Agroforestry saves on farm inputs and softens wind speeds

100 year-old Caragana hedge; trees break the speed of fast-moving air. Photo by Doug Viste via Flikr.

100 year-old Caragana hedge; trees break the speed of fast-moving air. Photo by Doug Viste via Flikr.

In temperate regions, agricultural practices integrating leguminous trees and food or forage crops can sharply reduce overdependence on chemical fertilizers, and improve yields. Tree boundaries also shield pastures against fast-moving winds.

Discussing his findings at the ongoing World Congress on Agroforestry, Anthony Kimaro, a researcher with the World Agroforestry Centre, shared evidence where sufficient nitrogen was transferred from a Caragana tree (Siberian peashrub) shelterbelt in Canada to forage crops, thus replacing the use of fertilizers.

“It is important to note that the overuse of synthetic nitrogen fertilizer to meet the requirements of food and forage crops species contributes to environmental problems such as nitrate leaching to groundwater and enhanced greenhouse effects through N2O emissions,” Kimaro told a session at the Congress.

During the study, Kimaro with co-researchers planted fodder crops near a caragana shelterbelt to determine the amount of nitrogen transferred from the trees to crops.

The scientists later found out that plants close to the shelterbelt row received significantly higher percentage of nitrogen compared to those further away. “The nitrogen received was within the optimum application rates for these crops, meaning there was no longer any need to apply nitrogen based fertilizers,” he said.

According to Shibu Jose of University of Missouri Columbia, this is one of the sustainable solutions agroforestry can offer to existing global challenges.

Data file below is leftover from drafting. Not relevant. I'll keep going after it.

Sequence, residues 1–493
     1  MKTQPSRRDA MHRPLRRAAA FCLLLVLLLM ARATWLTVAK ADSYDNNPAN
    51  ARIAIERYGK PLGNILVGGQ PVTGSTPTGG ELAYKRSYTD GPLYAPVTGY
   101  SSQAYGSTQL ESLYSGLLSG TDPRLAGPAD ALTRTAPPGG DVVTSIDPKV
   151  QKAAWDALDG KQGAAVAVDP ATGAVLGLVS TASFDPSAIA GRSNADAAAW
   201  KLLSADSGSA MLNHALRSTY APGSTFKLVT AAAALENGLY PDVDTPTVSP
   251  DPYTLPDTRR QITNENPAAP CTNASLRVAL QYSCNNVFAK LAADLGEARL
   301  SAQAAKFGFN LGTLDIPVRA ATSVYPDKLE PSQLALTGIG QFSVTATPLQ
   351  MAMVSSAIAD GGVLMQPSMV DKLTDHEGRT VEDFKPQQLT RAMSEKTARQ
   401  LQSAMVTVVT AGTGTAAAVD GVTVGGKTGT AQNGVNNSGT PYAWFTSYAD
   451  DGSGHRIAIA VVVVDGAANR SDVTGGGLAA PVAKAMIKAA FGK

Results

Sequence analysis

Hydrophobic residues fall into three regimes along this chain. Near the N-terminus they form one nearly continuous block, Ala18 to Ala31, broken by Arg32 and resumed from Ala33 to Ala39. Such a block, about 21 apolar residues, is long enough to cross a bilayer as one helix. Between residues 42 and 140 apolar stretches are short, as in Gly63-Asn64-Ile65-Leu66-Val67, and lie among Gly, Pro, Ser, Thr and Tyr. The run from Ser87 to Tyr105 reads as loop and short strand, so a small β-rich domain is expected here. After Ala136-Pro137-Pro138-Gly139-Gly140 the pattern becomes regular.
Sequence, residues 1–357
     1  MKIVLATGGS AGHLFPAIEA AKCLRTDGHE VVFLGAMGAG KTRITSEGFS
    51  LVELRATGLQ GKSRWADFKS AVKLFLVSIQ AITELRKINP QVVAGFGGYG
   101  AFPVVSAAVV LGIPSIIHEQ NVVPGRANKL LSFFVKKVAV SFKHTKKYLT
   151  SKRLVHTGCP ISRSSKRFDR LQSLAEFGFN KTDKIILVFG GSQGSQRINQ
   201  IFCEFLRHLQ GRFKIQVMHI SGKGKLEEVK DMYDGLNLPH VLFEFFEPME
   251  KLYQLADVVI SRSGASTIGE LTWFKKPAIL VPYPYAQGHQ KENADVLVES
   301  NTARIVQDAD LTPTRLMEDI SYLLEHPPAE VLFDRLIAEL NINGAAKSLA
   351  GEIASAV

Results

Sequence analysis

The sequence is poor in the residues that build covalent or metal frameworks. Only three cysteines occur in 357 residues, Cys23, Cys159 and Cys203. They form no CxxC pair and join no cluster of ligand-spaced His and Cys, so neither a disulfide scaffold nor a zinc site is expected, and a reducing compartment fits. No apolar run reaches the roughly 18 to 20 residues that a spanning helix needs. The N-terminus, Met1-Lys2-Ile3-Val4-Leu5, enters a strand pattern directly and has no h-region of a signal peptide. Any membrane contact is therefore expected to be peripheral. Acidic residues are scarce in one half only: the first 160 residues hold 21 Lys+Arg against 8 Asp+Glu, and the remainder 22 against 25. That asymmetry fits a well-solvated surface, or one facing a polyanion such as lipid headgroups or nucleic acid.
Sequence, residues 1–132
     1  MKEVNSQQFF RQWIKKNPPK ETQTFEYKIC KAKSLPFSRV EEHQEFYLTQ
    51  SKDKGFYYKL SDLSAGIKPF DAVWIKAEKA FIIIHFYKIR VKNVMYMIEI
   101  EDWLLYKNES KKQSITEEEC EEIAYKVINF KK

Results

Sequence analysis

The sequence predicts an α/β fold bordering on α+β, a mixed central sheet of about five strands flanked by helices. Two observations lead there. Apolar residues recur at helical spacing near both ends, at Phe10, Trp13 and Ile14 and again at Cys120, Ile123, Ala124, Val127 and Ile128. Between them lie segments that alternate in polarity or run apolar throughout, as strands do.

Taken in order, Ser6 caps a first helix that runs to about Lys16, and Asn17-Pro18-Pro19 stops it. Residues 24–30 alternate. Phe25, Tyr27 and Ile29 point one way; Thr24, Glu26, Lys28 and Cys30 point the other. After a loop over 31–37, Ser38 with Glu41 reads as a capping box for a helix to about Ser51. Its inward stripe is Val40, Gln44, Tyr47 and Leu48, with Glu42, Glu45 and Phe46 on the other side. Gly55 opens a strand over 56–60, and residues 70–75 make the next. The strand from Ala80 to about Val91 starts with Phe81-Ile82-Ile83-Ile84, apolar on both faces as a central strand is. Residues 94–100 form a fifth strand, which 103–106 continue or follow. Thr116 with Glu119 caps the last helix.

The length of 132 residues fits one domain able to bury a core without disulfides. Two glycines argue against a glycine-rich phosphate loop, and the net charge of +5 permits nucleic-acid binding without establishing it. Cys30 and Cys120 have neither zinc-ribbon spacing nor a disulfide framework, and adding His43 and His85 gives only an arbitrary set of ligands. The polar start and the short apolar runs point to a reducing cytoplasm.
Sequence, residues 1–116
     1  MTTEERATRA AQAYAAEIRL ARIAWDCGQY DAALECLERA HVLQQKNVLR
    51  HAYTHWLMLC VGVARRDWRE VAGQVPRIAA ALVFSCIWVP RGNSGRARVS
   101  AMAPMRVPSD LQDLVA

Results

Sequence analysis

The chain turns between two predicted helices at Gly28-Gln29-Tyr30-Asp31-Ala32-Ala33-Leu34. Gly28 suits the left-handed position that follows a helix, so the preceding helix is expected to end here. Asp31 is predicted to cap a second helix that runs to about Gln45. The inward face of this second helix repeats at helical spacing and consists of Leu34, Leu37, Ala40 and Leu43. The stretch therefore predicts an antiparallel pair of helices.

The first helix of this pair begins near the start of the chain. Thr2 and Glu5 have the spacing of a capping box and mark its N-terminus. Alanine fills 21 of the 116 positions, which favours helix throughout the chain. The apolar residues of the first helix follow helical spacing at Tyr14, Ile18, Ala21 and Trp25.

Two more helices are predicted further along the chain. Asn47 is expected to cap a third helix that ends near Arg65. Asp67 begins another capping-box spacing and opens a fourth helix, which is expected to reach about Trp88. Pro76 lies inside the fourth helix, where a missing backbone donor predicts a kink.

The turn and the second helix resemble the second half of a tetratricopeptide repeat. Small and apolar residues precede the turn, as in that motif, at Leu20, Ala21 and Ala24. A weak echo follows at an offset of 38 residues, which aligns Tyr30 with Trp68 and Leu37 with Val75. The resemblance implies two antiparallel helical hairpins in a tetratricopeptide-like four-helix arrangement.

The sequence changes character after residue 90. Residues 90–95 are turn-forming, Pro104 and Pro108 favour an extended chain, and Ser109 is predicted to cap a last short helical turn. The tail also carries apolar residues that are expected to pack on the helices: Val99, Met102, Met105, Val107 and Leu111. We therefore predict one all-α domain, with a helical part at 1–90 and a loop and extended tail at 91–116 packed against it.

According to Jose, other challenges that can be solved by agroforestry include food security, energy, water scarcity, greenhouse gases, loss of biodiversity, diseases and invasiveness.

“Agroforestry is the way to ‘bullet proof’ farms in the face of climate change,” he said.

A different study done in Chile by Alvaro Sotomayor, from Sede Biobío, Instituto Forestal, Concepcion, Chile, found that apart from fixing nitrogen into other crops, the trees reduced the velocity of wind, which is a disturbing factor in the Aysen temperate region of the country.

“The results obtained show that the trees managed under silvopastoral systems modified some ambient climatic parameters. The main parameter that was modified by the trees was average wind speed,” he told the session on Temperate Agroforestry at the Congress.

Sotomayor’s study evaluated the effect of Pinus contorta plantation, managed under two designed silvopastoral systems, in altering climatic parameters such as wind speed, wind chill, relative humidity, ambient temperature and precipitation that reached the ground, and its effect on livestock and prairie production.

By Isaiah Esipisu

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Vigyan Bhavan & Kempinski Ambience

10 - 14 February 2014 Delhi, India
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